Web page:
Scorpion venom can kill some brain cancer cells
American Association: Trials planned on drug to fight tumours
Monday 25 January 1999
Laboratory tests on the tumour cells of a rare form of brain cancer have revealed that the toxin - a protein fragment known as a peptide - can distinguish between healthy and cancerous cells and so act as a "magic bullet" for killing diseased tissue while leaving the rest of the body unaffected.
Scientists believe the research could lead to a treatment for a form of brain cancer called glioma, which kills thousands people each year, and it might be further developed to treat other types of tumours.
Professor Harald Sontheimer, a neurobiologist at the University of Alabama in Birmingham, told the meeting of the American Association for the Advancement of Science in Los Angeles it was surprising to find that the venom of the giant Israeli scorpion, Leiurus quinquestratum, worked against cancerous glial cells, which act as the brain's packing material to support its nerve cells.
"Interestingly, during the course of evolution, a lot of animals have developed peptides in their venom which shut down the nervous system of their prey - what better way to catch their food. We know for instance that the same peptide paralyses cockroaches," Professor Sontheimer said.
The scorpion toxin also targets the "molecular batteries" of human glial cells, which allow the cells of a developing embryo to shrink and so migrate around the brain. These batteries normally stop functioning once a brain has developed but are reactivated in a glioma, causing the cancer to spread.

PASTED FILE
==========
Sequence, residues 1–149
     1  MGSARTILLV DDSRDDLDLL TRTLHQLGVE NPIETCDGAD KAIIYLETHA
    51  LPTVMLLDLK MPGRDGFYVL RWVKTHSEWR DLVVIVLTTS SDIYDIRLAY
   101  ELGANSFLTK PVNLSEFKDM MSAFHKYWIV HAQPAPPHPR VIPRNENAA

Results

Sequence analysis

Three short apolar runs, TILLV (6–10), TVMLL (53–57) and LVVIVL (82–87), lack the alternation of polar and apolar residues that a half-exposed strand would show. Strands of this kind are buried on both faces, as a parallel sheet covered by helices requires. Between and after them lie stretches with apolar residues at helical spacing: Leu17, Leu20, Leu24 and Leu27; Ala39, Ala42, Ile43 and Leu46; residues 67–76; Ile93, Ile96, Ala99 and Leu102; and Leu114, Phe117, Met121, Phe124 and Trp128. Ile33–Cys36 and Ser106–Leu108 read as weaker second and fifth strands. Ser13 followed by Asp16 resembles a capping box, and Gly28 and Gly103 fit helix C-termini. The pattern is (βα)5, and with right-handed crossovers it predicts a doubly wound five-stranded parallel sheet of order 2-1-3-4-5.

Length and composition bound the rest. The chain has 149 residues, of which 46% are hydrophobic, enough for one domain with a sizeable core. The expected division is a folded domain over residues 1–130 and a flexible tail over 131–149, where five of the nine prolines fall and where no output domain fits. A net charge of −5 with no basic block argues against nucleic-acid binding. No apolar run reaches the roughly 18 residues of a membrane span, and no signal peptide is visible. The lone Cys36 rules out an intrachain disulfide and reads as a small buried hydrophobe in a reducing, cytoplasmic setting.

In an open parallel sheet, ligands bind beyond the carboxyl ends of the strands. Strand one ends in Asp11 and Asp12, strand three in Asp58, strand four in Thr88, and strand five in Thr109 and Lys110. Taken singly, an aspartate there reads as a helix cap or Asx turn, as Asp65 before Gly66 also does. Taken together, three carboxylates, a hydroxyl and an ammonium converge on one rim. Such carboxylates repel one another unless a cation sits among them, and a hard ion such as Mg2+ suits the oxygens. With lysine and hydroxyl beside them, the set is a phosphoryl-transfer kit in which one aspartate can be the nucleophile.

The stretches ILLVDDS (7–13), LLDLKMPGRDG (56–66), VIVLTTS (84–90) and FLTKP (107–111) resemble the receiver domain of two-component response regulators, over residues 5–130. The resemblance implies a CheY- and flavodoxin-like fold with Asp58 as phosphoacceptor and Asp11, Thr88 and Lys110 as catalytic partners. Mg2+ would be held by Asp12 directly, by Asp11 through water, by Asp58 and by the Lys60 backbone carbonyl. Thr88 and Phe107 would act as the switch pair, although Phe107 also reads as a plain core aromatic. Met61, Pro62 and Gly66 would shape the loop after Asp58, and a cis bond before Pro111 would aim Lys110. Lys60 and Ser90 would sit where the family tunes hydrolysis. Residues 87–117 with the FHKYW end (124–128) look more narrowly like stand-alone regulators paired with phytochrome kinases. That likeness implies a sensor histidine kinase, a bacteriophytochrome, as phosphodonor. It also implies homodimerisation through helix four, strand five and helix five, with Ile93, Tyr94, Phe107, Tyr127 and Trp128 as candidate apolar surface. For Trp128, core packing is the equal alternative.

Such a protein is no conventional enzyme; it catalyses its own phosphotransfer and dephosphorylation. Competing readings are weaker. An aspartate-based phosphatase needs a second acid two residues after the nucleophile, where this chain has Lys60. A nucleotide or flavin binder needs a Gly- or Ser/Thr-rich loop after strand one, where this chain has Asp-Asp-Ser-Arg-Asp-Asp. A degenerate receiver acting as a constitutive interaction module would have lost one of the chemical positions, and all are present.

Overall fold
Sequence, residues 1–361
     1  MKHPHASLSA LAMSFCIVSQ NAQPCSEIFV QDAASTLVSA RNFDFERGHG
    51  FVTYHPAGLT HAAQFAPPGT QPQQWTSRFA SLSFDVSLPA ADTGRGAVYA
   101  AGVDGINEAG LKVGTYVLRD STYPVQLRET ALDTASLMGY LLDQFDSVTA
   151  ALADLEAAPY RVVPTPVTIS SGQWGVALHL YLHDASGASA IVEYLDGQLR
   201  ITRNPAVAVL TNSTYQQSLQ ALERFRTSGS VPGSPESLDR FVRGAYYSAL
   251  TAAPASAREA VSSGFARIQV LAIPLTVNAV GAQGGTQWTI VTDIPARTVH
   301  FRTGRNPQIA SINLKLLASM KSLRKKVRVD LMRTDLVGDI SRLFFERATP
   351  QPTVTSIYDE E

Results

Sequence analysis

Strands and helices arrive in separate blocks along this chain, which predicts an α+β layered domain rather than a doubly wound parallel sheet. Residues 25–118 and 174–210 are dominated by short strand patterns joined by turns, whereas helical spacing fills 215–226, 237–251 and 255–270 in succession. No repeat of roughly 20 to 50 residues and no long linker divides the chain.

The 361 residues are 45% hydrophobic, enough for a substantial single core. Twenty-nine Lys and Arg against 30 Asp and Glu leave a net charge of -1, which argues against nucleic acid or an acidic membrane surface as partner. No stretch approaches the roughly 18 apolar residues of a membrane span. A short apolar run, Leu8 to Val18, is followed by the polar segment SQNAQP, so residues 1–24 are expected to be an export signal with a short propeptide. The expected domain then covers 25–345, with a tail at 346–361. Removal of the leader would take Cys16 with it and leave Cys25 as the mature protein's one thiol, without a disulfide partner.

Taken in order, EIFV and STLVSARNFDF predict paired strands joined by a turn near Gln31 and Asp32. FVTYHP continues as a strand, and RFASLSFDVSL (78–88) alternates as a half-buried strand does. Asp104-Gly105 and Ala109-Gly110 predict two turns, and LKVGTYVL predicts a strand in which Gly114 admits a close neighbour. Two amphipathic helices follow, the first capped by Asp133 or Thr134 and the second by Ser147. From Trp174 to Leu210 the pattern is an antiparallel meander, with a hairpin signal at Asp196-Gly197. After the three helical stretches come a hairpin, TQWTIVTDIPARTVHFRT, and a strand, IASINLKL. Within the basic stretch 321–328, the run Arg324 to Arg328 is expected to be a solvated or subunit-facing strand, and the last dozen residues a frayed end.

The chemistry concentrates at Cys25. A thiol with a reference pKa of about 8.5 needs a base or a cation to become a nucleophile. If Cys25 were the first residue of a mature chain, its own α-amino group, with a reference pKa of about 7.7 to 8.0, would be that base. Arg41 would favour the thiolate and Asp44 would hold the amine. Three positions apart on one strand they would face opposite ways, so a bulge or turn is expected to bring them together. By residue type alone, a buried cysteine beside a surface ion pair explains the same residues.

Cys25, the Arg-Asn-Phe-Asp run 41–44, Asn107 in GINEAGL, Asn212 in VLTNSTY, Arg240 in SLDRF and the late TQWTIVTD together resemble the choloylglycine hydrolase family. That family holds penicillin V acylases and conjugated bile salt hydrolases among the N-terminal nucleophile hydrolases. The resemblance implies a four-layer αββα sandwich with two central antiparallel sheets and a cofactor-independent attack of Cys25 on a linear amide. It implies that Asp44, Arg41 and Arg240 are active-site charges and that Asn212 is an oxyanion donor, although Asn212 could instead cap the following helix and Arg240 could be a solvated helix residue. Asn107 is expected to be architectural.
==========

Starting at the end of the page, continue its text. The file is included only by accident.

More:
"One of the problems this disease has is that although surgeons routinely remove these tumours, by the time they are detected cells have migrated away and have essentially infested the entire brain... the chances of the tumour re-occurring is essentially 100 per cent," the professor said.
The scientists plan to make the toxin even more lethal to tumour cells by binding it with additional poisons or radioactive substances. Trials on patients will begin once the United States Food and Drug Administration gives the drug a licence later this year, Professor Sontheimer said.
"Glioma is the deadliest form of cancer known, without any treatment possibilities at the moment. This gives us an opportunity to use this peptide, and its high affinity to bind to these cells, to take deadly poisons to these cells, for example we can make these molecules radioactive giving us the opportunity to do targeted radiation treatment," he said.
"The binding of the peptide to the tumour also stops the cells' ability to move around the brain and so consolidate the tumour to where it is," he added.
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